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How to encourage fleas to flee

Original Publication Date: April 27, 2015
By C. Sue Furman, Ph.D.

There are several types of fleas, but the cat flea is the source of most flea problems in Texas.

These tiny, brownish-black insects can go through an entire life cycle of egg, larva, pupa to adult in less than two weeks if temperature and humidity levels are optimal.

A newly hatched female begins laying eggs within two days of her first blood meal and can produce up to 2,000 eggs that develop into more breeding adults. That means just one flea on your dog or cat can multiply to 100,000 fleas in just 30 days.

It is not surprising that Americans spend about $9 billion a year on products to control fleas that infest their pets, homes and yards.

When fleas bite, they inject a tiny bit of saliva that acts as an irritant to your pet. The first sign of fleas may be a pet who repeatedly scratches and chews itself. This can cause roughened red skin and even bald patches. Saliva from just one or two bites can trigger a severe allergic reaction in some dogs that requires veterinary attention.

One of the best ways to test for fleas is to check for flea dirt in your pet's coat. Situate your pet on white paper and brush a small section of their hair opposite to the way it grows. Small black bits that fall on the paper are probably flea dirt or flea feces. You can confirm this by placing a wet paper towel on the dirt. Flea feces contain some of the blood ingested by the little beasties, and the dirt will turn red. No change in color indicates just plain dirt.

Fleas on pets should put you into control mode. Groom your pet with a flea comb and check with your veterinarian. Your veterinarian can suggest a number of medications to interrupt the flea life cycle and give your pet relief.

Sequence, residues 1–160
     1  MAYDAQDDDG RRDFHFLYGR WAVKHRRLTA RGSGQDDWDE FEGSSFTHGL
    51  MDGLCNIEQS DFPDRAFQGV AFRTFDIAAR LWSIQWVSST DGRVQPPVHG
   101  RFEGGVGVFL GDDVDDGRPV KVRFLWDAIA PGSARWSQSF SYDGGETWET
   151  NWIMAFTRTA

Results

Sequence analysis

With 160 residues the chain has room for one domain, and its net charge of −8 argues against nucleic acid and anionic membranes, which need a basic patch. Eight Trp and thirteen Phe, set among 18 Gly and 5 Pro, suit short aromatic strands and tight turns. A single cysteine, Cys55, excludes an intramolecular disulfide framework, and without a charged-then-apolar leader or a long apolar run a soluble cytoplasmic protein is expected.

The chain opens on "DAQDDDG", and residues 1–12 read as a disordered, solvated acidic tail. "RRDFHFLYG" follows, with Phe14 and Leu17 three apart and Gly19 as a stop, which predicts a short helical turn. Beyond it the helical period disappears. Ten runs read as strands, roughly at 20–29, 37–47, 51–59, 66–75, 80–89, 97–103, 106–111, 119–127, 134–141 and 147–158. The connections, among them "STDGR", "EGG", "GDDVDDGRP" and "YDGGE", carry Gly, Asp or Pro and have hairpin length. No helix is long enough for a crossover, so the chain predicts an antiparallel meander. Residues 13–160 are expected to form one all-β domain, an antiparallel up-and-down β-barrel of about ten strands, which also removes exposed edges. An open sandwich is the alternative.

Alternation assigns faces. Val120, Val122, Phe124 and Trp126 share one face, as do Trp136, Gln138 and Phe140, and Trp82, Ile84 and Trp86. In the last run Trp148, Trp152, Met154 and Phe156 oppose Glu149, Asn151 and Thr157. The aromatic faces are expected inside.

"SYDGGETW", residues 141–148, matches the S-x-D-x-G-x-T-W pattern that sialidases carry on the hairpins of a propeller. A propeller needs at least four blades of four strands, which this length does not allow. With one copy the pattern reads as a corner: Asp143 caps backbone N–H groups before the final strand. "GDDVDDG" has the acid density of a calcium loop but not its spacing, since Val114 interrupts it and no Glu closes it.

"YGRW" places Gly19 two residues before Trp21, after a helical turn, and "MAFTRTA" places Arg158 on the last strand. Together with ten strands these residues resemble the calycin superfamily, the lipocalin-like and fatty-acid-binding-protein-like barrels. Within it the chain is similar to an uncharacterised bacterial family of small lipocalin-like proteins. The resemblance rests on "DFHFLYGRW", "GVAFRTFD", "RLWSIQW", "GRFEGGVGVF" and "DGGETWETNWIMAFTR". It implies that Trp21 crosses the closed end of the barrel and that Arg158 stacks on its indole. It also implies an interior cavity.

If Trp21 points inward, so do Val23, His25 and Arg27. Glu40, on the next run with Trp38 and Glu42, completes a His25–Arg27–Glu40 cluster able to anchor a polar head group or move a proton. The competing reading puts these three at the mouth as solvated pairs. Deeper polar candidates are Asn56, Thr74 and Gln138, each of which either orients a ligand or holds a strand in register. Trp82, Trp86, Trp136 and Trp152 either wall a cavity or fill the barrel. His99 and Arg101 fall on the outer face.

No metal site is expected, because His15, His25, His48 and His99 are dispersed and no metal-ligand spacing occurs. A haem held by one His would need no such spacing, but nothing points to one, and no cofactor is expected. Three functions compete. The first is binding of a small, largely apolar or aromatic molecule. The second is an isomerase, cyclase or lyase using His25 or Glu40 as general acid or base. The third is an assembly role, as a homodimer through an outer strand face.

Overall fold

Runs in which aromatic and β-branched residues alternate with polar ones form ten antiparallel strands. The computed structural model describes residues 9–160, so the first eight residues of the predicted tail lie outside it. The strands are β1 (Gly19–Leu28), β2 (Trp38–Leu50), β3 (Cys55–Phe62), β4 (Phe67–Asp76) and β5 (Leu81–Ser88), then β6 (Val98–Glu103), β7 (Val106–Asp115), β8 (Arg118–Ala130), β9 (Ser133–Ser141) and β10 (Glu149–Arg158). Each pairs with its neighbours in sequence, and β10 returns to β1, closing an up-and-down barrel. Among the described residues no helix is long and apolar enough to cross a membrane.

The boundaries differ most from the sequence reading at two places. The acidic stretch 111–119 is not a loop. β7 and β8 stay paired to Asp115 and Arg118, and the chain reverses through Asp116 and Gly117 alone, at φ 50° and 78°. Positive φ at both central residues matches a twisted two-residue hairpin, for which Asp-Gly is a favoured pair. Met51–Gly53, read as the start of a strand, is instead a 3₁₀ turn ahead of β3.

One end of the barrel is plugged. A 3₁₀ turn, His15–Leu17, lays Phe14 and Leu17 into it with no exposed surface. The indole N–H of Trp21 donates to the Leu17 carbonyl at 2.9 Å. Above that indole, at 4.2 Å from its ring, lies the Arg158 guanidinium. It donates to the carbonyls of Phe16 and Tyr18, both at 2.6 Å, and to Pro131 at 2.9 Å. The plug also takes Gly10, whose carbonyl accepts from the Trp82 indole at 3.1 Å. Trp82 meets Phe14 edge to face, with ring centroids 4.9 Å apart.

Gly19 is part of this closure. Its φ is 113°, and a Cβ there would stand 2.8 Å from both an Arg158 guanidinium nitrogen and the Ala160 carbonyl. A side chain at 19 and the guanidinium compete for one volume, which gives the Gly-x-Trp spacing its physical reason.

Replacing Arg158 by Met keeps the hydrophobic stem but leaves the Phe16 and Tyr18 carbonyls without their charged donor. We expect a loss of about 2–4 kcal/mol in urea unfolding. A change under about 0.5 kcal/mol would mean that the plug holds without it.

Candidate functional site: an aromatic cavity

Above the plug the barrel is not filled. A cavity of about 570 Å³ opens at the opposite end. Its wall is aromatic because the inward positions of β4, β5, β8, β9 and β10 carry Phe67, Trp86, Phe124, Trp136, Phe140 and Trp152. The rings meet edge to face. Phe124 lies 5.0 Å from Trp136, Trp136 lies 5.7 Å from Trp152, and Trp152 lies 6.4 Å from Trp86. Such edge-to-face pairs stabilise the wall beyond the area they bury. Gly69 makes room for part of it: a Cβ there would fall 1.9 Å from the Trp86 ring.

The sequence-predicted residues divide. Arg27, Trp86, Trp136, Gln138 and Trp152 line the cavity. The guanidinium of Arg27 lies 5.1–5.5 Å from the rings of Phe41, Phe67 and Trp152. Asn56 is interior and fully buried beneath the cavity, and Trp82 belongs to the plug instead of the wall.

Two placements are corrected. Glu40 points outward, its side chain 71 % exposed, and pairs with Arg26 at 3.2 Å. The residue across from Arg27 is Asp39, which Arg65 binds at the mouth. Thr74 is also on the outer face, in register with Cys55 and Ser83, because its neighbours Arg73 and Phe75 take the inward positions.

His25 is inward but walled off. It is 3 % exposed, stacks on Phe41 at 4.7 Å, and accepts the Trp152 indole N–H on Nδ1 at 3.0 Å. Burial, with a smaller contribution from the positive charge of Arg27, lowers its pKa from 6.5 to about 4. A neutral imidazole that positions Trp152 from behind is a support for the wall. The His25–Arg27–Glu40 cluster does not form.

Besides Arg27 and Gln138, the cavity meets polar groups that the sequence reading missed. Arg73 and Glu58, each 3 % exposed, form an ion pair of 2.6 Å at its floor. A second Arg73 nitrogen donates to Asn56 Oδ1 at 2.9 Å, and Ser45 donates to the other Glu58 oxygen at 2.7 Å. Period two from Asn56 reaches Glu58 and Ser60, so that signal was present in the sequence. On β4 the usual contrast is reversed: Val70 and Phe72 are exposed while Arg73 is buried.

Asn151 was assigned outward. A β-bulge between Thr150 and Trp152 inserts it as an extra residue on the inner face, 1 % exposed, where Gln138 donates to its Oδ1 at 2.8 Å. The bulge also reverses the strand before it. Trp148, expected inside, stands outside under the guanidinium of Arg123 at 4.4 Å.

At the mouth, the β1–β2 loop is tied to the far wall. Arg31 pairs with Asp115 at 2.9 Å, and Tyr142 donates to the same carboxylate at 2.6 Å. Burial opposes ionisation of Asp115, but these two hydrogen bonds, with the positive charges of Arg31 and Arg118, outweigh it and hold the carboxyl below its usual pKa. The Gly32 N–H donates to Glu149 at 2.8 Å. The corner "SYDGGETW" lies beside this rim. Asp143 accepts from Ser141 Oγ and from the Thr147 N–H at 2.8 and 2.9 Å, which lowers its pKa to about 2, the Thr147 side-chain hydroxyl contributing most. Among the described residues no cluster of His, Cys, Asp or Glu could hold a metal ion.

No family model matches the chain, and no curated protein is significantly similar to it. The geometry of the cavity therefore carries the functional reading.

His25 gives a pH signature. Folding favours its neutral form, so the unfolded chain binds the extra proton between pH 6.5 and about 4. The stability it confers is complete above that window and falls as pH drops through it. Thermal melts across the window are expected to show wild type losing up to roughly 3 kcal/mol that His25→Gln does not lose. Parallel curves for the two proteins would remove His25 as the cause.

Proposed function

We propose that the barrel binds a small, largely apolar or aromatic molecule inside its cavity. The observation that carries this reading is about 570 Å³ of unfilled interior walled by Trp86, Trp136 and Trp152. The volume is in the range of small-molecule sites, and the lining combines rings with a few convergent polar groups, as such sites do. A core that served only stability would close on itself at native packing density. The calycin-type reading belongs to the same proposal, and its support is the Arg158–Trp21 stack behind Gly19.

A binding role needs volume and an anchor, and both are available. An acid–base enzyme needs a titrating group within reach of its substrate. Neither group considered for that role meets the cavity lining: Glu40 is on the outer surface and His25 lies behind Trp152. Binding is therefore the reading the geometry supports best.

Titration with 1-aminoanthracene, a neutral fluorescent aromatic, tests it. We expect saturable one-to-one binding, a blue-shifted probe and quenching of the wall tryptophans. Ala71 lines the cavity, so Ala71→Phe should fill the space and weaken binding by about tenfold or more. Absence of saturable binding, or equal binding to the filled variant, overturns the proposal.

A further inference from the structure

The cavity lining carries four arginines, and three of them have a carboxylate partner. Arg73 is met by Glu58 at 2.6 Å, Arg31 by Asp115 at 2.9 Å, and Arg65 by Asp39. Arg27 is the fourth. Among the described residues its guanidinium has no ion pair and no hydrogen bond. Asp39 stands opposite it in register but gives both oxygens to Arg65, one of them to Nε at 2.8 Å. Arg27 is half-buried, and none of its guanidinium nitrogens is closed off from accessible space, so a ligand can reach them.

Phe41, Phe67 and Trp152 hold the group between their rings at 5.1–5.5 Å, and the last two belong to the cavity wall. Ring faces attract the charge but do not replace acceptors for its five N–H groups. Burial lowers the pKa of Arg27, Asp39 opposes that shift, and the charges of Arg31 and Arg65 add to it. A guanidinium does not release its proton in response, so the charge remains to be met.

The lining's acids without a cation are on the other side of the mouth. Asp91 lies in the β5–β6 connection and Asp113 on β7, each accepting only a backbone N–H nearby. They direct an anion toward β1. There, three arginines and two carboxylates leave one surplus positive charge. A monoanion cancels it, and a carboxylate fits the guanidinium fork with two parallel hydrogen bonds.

If fleas are on your pet, they are probably lurking in your home. Vacuum regularly, paying special attention to rugs, corners, under furniture and under cushions on furniture. Fleas can continue their life cycle in the vacuum bag, so place it in a sealed plastic bag before tossing it. Launder pet bedding frequently.

There is a good chance fleas are also in your yard. Pull on a pair of long white socks and walk in the areas where your pet likes to curl up and relax. Small black critters hopping on your socks will tell you fleas have set up house in your yard. You can spray with insecticides indoors and outdoors to eliminate fleas if necessary.

Consult your veterinarian when faced with waging a war against flees. A veterinarian can recommend safe and effective products for controlling fleas on your pet and suggest if you should consult a pest control specialist to treat your home and yard.

Sue Furman, Ph.D, has published two books and a DVD on canine massage and teaches classes in pet massage, acupressure, first aid and CPR. See her schedule and submit questions at